By Mufti Zameelur Rahman
Imām Abū Shāmah (599 – 665 H), the distinguished teacher of al-Nawawī, wrote:
‘[‘Abdullāh] Ibn ‘Abdān (d. 433 H) said:
“The acts of the Prophet (Allāh bless him and grant him peace) which did not occur from him in the form of worship, it is desirable (mustaḥabb) to copy him in these in hopes of his blessing, like his eating, drinking, dress, taking, giving and companionship of women. All of his acts related to matters of the world, it is desirable to copy him in all of them.”
‘I say: This is why the transmitters have given care to transmitting the details of his states in all of these, and the people of piety and knowledge from the Salaf followed the course of his example in them, and in avoiding forced behaviour in their needs that occurred to them. Thus, if it were to be said to one of them, “Don’t ride a donkey”, “don’t milk the goat, “don’t skin it”, “don’t lift the garment”, “don’t make the sandal layered” or “don’t plaster the camel”, he would reply:
“How can I not do these, when I saw the Messenger of Allāh (Allāh bless him and grant him peace) doing them?!” or “when it has been transmitted from him that he did them?!”’
Imām al-Ghāzālī said:
“Know that the key to happiness is following the Sunnah and taking Allāh’s Messenger as an example in all of his comings, goings, movements, and stillness – even the way he ate, stood, slept, and spoke. I do not say this in reference to matters of worship only; for indeed, there is no room for neglecting the narrated sunan for them. Rather, I am referring to all habitual matters – by this, the absolute following is achieved. Allāh said: ‘If you love Allāh, the follow-me – Allāh will love you,” And: ‘Whatever the Messenger gives you take it; and whatever he forbids you from, desist.’…Indeed Muḥammad ibn Aslam (d. 242 H) would not eat watermelon because the way Allāh’s Messenger ate it was never transmitted…A person should therefore not slack regarding such things and say, ‘This is something related to habits, so following it is not important in respect of it,’ for truly, that closes on you one of the great doors of happiness.” 
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The Ḥanafī imām, Abu l-Ḥasan al-Sughdī (d. 461), has a section on “desirable (mustaḥabb)” clothing which he describes as that which is “in accordance with the sunnahs, and in accordance with what has been transmitted in ḥadīth.”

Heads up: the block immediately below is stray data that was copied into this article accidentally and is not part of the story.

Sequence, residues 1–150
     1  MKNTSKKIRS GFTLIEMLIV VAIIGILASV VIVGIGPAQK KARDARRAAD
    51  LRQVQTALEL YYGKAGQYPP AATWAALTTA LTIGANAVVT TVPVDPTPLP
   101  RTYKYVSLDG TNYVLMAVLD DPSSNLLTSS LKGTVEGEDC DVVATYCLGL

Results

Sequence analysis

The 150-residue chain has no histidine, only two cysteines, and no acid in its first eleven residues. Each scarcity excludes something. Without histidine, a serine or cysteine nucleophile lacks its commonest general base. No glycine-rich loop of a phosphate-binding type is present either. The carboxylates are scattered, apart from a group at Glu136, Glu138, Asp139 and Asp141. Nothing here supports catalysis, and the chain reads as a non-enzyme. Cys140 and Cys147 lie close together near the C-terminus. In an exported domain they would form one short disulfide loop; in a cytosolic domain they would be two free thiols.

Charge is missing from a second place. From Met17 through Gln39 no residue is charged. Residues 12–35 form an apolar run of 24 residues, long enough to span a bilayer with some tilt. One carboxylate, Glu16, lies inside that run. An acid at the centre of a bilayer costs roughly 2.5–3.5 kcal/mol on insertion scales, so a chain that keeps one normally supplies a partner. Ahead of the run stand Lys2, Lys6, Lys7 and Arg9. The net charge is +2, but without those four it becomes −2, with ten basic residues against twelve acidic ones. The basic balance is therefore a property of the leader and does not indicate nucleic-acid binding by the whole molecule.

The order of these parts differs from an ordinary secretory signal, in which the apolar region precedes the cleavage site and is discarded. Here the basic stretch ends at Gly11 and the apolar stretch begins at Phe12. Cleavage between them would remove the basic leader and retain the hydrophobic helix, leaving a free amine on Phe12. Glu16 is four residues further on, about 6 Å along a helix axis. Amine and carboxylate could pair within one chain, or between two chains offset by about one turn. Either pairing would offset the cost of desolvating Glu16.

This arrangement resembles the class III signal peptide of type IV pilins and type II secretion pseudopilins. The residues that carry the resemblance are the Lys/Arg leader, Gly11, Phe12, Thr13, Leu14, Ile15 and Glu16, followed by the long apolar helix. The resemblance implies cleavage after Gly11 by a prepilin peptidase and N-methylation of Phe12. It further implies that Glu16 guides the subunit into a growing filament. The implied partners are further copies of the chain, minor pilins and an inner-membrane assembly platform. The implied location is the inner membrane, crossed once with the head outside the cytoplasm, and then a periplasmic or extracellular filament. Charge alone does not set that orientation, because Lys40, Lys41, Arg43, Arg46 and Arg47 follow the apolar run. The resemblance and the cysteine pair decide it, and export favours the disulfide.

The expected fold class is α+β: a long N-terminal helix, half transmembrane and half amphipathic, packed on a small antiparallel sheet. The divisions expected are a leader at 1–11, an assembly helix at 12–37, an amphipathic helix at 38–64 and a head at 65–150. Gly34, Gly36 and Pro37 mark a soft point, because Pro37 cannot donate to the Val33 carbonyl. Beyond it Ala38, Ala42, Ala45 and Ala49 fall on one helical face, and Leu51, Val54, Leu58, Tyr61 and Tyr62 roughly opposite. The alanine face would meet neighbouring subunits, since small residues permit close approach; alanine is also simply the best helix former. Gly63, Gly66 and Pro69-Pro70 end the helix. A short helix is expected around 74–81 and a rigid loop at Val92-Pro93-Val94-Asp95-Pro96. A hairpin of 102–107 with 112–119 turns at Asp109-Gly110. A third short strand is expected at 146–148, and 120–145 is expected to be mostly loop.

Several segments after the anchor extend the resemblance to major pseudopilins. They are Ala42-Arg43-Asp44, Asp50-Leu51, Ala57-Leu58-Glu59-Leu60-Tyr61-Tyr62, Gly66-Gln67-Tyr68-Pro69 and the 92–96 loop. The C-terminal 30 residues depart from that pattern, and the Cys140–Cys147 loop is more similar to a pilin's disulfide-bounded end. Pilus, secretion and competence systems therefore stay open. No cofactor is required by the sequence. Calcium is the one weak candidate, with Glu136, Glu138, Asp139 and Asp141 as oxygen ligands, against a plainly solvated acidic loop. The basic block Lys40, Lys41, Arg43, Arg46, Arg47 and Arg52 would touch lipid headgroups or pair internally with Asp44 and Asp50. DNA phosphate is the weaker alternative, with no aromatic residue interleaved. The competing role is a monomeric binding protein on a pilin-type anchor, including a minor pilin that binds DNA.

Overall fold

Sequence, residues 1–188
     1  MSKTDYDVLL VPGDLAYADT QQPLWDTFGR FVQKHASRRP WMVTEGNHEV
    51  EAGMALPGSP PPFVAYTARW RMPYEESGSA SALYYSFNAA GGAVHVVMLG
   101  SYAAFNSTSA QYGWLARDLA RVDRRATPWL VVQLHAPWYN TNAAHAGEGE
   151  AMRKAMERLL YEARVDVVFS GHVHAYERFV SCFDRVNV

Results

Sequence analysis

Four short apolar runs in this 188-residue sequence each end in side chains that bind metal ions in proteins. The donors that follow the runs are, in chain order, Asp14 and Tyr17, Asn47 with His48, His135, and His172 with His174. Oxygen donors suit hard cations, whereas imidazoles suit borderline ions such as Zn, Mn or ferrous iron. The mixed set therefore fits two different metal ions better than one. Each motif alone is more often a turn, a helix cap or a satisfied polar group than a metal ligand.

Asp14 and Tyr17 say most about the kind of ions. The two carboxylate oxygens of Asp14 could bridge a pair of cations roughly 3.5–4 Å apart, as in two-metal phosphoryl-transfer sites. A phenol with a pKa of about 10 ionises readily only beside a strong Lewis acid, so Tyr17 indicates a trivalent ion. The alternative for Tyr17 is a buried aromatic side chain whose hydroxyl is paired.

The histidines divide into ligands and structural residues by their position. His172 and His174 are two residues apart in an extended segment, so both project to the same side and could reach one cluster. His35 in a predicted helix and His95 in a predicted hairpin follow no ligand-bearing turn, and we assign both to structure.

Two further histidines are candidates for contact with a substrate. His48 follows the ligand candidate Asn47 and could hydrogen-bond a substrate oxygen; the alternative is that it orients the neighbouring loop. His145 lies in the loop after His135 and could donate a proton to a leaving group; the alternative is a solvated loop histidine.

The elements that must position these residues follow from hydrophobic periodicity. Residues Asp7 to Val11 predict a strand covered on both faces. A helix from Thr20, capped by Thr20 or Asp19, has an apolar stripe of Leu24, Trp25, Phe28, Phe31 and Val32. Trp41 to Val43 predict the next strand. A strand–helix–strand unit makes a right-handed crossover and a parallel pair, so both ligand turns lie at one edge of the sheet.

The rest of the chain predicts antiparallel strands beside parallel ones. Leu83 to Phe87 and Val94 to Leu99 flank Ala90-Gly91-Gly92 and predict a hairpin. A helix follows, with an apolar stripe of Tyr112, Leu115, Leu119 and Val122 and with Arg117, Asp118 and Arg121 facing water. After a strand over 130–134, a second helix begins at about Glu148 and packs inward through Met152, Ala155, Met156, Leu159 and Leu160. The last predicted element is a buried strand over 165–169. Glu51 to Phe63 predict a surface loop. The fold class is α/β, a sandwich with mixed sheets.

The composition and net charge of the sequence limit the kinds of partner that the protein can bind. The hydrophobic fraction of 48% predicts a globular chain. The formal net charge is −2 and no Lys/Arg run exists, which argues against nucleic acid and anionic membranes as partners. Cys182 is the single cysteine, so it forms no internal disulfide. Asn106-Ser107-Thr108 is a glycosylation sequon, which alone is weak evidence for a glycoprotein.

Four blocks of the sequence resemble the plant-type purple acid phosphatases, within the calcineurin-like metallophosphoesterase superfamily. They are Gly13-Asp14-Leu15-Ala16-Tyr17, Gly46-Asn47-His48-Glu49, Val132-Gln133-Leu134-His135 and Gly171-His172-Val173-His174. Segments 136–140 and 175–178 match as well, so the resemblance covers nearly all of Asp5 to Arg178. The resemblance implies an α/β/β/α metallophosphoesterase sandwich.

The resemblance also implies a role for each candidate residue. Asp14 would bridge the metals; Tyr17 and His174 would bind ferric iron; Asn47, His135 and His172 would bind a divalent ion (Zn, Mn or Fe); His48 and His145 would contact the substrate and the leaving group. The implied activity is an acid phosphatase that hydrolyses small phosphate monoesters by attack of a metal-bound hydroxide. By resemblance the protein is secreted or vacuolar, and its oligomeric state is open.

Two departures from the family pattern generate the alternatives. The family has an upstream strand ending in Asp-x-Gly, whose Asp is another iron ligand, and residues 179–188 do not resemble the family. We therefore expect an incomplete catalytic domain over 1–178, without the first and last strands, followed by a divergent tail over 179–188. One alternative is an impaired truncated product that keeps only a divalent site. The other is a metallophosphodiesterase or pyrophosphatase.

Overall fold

He gives some examples, amongst them to have the qamīṣ reaching the middle of the shin and there being an opening at the chest, explaining that “reports have been transmitted on all of that.” (ibid.) Hence, the dress of the Prophet (ṣallallāhu ‘alayhi wasallam) is not only regarded as a coincidental sunnah, but also as something praiseworthy and encouraged for others to follow.
The Prophet (ṣallallāhu ‘alayhi wasallam) would wear a qamīṣ, izār, hat, turban, ridā’ (shawl), sandals, jubba, cloak etc. Hence, one who wears these items of clothing in imitation of the Prophet would be rewarded for doing so.
In discussing which clothing should be worn in ṣalāh, Imām Abū Ḥanīfah said: “The ways of the People (i.e. the Salaf) is in [wearing] qamīṣ and ridā’, and that is best.”
The Ḥanafī jurist, al-Nasafī (d. 710 H), said: “The circumstantial [sunnahs of the Prophet], to adopt them is good, and there is no harm in leaving them, like the manner of the Prophet (upon him peace) in dress, standing and sitting.” 
There are several examples from the lives of the ṣahābah which show they imitated the Prophet (ṣallallāhu ‘alayhi wasallam) in his habitual practices. For example, in relation to dress, it is reported: the ṣahābah wore a ring when the Prophet (ṣallallāhu ‘alayhi wasallam) started wearing one (Saḥīḥ al-Bukhārī); Ibn ‘Umar (raḍiyallāhu ‘anhumā) wore a particular type of sandal because the Prophet (ṣallallāhu ‘alayhi wasallam) wore them (Saḥīḥ al-Bukhārī; Shamā’il al-Tirmidhī); and Mu‘āwiyah ibn Qurrah and his father (raḍiyallāhu ‘anhumā) would leave their qamīṣ unbuttoned in heat and cold because they saw the Prophet (ṣallallāhu ‘alayhi wasallam) dressing this way. (Saḥīḥ Ibn Hibbān)
- al-Muḥaqqaq fī ‘Ilm al-Uṣūl, p. 270-1 ↑
- The Forty Principles of the Religion, Turath Publishing, 104-5 ↑
- al-Nutaf fi l-Fatāwā, p. 251 ↑
- al-Ajnās, 1:73 ↑
- Kashf al-Asrar Sharḥ al-Manār, 1:457 ↑
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